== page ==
Linked-In and other pep talks only tell you half the truth.

Many articles on LinkedIn are just disguised pep talks. These LinkedIn articles, and other self help courses, have titles like:

  • 10 ways to become a successful manager.
  • 5 methods to get rich quick.
  • 7 habits of highly successful people



I read "Irrationality, the enemy within" by Stuart Sutherland many years ago. It is such a good book it has been reissued:





In it he tells the story of a doctor who prescribes a new medicine to a patient and the patient gets better. The doctor concludes that the medicine works. The problem is not only was that just a single case, but the doctor has no information on the other 75% of outcomes. The whole 100% is as follows:

  1. I prescribe the medicine and they get better.
  2. I don't prescribe the medicine and they get better (anyway).
  3. I prescribe the medicine and they get worse (anyway).
  4. I don't prescribe the medicine and they get worse.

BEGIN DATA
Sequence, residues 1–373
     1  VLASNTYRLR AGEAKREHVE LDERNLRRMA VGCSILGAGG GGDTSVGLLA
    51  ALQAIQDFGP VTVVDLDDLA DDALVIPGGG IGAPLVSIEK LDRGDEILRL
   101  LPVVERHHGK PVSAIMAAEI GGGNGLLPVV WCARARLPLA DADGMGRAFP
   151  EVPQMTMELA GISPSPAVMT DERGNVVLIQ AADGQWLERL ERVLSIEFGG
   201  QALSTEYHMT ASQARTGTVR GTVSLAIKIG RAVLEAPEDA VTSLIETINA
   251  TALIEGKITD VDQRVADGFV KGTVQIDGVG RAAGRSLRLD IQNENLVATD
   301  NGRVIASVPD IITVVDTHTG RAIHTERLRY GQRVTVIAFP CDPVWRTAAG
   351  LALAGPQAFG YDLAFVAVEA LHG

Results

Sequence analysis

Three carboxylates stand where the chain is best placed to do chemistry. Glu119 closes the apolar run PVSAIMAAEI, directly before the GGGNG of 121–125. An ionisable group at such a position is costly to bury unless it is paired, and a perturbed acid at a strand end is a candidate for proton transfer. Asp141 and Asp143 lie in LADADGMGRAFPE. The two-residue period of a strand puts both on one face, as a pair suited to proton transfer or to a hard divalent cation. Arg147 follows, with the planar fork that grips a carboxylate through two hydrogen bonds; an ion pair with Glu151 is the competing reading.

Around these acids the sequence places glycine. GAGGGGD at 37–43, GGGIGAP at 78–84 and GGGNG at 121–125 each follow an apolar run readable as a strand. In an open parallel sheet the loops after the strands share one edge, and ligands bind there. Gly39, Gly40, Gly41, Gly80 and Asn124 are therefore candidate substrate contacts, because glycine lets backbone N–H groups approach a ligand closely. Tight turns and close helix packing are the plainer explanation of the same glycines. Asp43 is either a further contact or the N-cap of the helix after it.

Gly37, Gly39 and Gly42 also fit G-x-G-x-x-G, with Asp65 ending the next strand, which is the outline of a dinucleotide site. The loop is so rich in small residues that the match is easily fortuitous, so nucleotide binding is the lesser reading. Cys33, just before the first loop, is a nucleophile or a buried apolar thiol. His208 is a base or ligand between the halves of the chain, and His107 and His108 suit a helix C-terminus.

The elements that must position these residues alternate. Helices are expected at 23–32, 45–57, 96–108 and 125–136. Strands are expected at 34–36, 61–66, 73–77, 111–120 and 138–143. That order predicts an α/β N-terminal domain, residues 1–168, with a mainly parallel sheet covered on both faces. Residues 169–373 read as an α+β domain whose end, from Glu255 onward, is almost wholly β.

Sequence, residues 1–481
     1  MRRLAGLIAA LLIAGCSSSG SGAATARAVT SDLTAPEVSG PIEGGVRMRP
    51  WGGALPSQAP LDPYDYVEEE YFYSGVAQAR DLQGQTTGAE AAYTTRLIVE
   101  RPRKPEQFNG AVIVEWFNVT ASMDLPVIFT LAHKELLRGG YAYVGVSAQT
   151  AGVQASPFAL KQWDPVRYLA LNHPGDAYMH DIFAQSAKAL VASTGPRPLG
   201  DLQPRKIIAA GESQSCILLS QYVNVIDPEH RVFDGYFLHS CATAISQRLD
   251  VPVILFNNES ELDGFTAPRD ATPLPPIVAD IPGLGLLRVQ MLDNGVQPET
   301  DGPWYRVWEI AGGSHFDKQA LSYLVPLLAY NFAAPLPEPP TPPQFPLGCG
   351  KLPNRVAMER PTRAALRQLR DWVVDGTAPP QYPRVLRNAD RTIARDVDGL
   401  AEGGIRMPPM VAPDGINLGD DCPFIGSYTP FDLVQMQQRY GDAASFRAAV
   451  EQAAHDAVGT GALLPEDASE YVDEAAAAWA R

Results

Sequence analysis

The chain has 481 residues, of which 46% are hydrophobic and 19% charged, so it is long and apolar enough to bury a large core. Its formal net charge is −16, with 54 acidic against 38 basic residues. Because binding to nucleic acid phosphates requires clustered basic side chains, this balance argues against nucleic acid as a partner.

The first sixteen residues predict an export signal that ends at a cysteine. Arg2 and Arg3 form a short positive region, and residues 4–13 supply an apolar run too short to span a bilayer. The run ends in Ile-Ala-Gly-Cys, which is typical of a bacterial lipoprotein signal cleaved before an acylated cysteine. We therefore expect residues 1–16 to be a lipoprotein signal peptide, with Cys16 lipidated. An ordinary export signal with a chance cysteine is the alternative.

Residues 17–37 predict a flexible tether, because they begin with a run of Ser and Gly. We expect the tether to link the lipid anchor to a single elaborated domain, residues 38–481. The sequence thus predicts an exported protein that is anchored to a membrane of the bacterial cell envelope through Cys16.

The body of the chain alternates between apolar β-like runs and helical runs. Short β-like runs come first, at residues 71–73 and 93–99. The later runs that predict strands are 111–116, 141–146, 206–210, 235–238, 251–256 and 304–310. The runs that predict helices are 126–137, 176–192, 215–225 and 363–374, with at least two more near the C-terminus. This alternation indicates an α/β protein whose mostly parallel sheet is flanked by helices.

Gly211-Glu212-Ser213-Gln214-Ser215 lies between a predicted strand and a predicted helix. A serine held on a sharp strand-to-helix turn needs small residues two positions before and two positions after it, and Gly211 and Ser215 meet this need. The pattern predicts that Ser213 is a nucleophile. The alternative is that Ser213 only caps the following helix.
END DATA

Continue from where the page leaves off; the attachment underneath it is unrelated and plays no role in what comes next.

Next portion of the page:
What the pep talks tell you are point 1 above, and sort of hint at point 4. They leave out information about the outcomes described in points 2 and 3. So at most they tell you 50% of the story. 





And some invented figures:







If the figures above were true then it would be better not to follow the pep-talk advice. But we never get these figures, we only get the success figures. (But consider how many people win olympic medals compared with the number of competitors. I wonder how many losers had the same training as the winners...?).

Here's one by someone who can't spell and does not check his work.

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